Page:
Do Low-Probability Catastrophic Risks Justify the Bailout?

Co-blogger Eric Posner writes:

Ilya, citing a column by Steven Landsburg, asks why a bailout is necessary. In Landsburg's words, "Just because the banks disappear doesn't mean the lenders will. Borrowers will still want to borrow and lenders will still want to lend. The only question is whether they'll be able to find each other." That's the question and the problem with answering the question is that no one knows the answer. History suggests, however, that the probability they won't "find each other" is not zero; let's call it one percent. If there is a one percent chance that the current financial meltdown causes a catastrophic outcome—not just people out of work and the reduction in the standard of living, but predictable bursts of xenophobia, beggar-thy-neighbor policies, global political instability, and all the rest—how much should the government do to prevent that from happening and at what cost?

Let's assume there is a small chance that, absent a bailout, there will be a "catastrophic outcome" of the sort Eric describes. That possibility is not by itself sufficient to justify the bailout. One also has to consider the risks of the bailout itself. Some of these are highly likely to happen, such as hundreds of billions of dollars of expenses borne by taxpayers, the creation of moral hazard for industries who will expect to be bailed out in the future, and the economic inefficiency caused by government control of a large part of the economy. In addition, there is a small but probably nonzero risk that the bailout itself might lead to a "catastrophic outcome" thatt goes beyond the onerous costs described above.

For example, despite the two year sunset provision in the draft legislation, that legislation might end up getting extended, leading to permanent government control of the finance industry, and an eventual monopolization of finance by government; a future administration could claim that the government cannot manage its massive portfolio of finance firms efficiently unless it has a monopoly of lending, and future, economically illiterate public opinion, might buy the claim. That in turn might lead to a severe permanent decline in our standard of living, as we spiral into quasi-socialism. By transferring enormous resources from successful businesses to failing ones, the bailout could also damage the economy enough to cause a deep recession, which in turn could lead to "predictable bursts of xenophobia, beggar-thy-neighbor policies, global political instability, and all the rest."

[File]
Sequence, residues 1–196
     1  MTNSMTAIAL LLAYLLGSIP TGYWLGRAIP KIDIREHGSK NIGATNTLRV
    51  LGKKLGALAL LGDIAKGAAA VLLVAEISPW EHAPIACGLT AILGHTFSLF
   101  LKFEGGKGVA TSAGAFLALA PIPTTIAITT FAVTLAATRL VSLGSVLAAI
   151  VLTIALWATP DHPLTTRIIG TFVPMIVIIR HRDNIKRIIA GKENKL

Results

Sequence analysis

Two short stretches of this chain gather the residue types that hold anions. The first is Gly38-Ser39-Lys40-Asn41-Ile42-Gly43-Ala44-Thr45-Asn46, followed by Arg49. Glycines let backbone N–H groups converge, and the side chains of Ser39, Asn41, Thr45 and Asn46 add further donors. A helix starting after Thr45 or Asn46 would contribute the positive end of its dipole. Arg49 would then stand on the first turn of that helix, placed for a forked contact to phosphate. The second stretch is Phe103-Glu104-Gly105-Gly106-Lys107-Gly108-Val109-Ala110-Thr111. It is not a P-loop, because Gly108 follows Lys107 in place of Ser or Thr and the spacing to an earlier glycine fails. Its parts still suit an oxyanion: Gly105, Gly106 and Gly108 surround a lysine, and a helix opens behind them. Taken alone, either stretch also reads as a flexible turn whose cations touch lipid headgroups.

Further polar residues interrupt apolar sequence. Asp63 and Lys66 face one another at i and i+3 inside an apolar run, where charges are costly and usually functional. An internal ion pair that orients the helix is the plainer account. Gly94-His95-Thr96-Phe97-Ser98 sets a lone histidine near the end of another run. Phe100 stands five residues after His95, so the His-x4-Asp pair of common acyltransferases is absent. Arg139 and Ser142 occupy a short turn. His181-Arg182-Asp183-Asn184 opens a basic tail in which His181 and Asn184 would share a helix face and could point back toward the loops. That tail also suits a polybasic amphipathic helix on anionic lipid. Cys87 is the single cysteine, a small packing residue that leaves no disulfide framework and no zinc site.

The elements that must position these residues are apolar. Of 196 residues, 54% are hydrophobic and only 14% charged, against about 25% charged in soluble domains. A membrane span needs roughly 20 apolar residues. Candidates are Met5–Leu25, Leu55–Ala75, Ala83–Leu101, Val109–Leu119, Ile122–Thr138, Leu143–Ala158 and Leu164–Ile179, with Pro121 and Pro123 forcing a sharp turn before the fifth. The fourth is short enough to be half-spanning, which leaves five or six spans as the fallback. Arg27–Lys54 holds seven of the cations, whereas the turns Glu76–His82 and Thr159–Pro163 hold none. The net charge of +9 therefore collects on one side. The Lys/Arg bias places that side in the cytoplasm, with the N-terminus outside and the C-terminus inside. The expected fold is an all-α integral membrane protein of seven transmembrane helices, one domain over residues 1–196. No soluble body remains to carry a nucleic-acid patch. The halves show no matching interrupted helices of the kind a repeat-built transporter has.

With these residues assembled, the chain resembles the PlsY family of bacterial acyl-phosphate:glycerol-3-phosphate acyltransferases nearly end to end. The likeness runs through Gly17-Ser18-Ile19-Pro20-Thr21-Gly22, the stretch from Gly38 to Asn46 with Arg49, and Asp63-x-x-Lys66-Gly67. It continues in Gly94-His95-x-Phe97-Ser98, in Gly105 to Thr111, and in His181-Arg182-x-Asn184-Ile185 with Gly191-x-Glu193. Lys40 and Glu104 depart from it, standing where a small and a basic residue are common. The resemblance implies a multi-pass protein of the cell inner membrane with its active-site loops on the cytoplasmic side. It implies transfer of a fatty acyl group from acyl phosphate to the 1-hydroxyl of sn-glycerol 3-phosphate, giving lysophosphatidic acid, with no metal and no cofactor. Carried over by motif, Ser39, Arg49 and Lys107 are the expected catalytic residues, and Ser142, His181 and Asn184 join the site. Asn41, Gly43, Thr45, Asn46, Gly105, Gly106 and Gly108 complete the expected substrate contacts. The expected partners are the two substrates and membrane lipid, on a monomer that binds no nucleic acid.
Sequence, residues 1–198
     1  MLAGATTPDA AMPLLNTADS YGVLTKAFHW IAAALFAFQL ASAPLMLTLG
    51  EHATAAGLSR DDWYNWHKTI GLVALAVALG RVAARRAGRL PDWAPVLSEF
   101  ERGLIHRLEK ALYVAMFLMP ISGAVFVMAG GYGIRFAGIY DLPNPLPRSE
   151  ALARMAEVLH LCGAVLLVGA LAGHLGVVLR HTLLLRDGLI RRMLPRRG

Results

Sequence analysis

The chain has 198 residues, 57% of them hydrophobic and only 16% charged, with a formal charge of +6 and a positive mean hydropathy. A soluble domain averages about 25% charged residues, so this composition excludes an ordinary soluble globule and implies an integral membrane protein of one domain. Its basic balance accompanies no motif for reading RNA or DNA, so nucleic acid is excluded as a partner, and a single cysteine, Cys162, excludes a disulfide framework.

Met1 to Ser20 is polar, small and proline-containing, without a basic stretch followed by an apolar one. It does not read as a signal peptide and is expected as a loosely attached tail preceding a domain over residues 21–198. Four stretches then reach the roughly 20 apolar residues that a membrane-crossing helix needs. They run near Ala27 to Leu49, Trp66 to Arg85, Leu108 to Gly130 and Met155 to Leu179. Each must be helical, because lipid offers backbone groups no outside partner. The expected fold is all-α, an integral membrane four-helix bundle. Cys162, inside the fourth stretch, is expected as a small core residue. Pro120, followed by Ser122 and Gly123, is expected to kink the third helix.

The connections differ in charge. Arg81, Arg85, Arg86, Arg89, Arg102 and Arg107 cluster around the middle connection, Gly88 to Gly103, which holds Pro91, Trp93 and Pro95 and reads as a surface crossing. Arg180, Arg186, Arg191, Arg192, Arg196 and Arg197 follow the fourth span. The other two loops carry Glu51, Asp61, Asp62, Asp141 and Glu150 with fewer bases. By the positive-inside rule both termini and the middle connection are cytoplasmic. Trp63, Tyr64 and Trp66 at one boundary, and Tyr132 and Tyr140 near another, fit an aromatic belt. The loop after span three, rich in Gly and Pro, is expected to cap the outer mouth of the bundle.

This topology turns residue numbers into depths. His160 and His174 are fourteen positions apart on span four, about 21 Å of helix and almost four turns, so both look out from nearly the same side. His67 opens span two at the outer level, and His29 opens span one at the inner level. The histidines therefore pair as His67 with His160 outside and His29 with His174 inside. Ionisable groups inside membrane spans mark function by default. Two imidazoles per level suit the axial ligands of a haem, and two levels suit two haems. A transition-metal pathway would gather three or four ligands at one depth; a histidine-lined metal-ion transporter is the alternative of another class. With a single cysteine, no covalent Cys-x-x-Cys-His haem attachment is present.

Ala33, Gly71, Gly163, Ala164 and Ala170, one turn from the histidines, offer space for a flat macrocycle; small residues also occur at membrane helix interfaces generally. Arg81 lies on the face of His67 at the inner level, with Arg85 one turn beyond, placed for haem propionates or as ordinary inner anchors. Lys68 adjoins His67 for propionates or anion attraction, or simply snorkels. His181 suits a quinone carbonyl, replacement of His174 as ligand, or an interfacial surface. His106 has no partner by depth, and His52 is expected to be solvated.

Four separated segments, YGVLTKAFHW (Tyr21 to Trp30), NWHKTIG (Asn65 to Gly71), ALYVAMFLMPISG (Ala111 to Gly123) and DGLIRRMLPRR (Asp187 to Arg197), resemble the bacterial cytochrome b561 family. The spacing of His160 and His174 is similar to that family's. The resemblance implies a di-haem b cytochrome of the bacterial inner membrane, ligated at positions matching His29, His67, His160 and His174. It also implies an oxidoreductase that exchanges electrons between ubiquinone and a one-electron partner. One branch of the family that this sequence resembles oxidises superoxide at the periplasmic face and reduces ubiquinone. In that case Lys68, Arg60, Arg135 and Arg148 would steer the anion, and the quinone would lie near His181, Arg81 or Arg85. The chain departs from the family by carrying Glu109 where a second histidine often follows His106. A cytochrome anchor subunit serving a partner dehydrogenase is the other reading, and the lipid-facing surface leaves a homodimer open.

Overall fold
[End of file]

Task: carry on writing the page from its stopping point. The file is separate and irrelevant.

I don't consider these scenarios to be likely. But if we are going to justify the bailout by weighing low-probability catastrophic risks, we have to consider both sides of the equation. We can't defend the bailout by claiming that it might stop a low-probability catastrophic event without considering the possibility that it might itself become the cause of such a catastrophe.

There are low-probability catastrophic risks on both sides. When you consider the fact that the bailout also has severe non-catastrophic costs that have a very high probability of occurring, the case for it still hasn't been made.